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Br J Anaesth. 2013 Nov;111(5):793-9. doi: 10.1093/bja/aet248. Epub 2013 Jul 19.

Postoperative pain relief after total hip arthroplasty: a randomized, double-blind comparison between intrathecal morphine and local infiltration analgesia.

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  • 1Department of Anaesthesiology and Intensive Care.

Abstract

BACKGROUND:

Postoperative pain after total hip arthroplasty (THA) can delay mobilization. This was assessed after intrathecal morphine (ITM) compared with local infiltration analgesia (LIA) using a non-inferiority design.

METHODS:

Eighty patients were recruited in this randomized, double-blind study. ITM 0.1 mg (Group ITM) or periarticular local anaesthetic (ropivacaine 300 mg)+ketorolac 30 mg+ epinephrine 0.5 mg (total volume 151.5 ml) (Group LIA) were compared. After 24 h, 22 ml of saline (Group ITM) or ropivacaine (150 mg)+ketorolac (30 mg)+epinephrine (0.1 mg) (Group LIA) were injected via a catheter. After operation, rescue analgesic consumption, pain intensity, and home-readiness were measured.

RESULTS:

Morphine consumption was equivalent, median difference 0 mg (95% confidence interval -4 to 4.5) between the groups at 0-24 h. During 24-48 h, it was lower in Group LIA (3 mg, 0-60 mg, median, range) compared with Group ITM (10 mg, 0-81 mg) (P=0.01). Lower pain scores were recorded at rest at 8 h in Group ITM (P<0.01), but in Group LIA on standing and mobilization, at 24-48 h (P<0.01). Paracetamol and tramadol consumption was lower in Group LIA (P=0.05 and 0.05, respectively) as was pruritus, nausea, and vomiting (P<0.05).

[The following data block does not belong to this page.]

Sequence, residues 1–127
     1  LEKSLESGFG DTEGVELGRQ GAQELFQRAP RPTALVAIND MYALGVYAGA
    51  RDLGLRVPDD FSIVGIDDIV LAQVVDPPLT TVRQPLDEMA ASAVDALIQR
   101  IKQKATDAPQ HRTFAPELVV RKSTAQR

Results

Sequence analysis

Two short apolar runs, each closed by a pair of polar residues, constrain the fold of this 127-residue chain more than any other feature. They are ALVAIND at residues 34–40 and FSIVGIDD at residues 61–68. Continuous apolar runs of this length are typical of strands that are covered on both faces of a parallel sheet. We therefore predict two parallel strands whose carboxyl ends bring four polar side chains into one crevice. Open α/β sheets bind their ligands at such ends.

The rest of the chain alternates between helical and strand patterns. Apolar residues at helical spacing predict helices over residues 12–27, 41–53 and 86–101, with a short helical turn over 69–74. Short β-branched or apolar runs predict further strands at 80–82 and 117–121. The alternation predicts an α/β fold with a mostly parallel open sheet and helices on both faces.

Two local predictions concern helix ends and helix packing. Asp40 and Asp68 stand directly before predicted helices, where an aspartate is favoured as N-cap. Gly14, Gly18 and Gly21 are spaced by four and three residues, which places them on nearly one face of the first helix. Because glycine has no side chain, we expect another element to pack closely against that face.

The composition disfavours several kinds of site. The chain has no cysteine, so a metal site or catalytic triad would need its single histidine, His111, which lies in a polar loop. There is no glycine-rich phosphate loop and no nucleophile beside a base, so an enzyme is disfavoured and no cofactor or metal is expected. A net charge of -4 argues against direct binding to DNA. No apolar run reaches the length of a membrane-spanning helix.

CONCLUSION:

Lower pain intensity was recorded early after surgery in ITM group but later, analgesic consumption, pain intensity on mobilization, and side-effects were lower in patients receiving LIA. LIA is a good alternative to ITM in patients undergoing THA.

KEYWORDS:

analgesic techniques, infiltration; pain, postoperative; surgery, orthopaedic

PMID:
23872462
[PubMed - indexed for MEDLINE]
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